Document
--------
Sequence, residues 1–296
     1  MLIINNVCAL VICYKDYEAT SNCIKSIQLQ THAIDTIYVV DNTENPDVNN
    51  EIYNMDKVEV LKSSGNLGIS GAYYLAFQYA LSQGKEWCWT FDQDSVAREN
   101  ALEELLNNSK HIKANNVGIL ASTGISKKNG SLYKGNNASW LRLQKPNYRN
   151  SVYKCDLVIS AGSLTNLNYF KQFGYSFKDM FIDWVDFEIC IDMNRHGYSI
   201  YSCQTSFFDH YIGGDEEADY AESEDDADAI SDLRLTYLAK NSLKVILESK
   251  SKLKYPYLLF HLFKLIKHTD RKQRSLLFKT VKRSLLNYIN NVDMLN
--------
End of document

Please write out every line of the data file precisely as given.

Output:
Sequence, residues 1–296
     1  MLIINNVCAL VICYKDYEAT SNCIKSIQLQ THAIDTIYVV DNTENPDVNN
    51  EIYNMDKVEV LKSSGNLGIS GAYYLAFQYA LSQGKEWCWT FDQDSVAREN
   101  ALEELLNNSK HIKANNVGIL ASTGISKKNG SLYKGNNASW LRLQKPNYRN
   151  SVYKCDLVIS AGSLTNLNYF KQFGYSFKDM FIDWVDFEIC IDMNRHGYSI
   201  YSCQTSFFDH YIGGDEEADY AESEDDADAI SDLRLTYLAK NSLKVILESK
   251  SKLKYPYLLF HLFKLIKHTD RKQRSLLFKT VKRSLLNYIN NVDMLN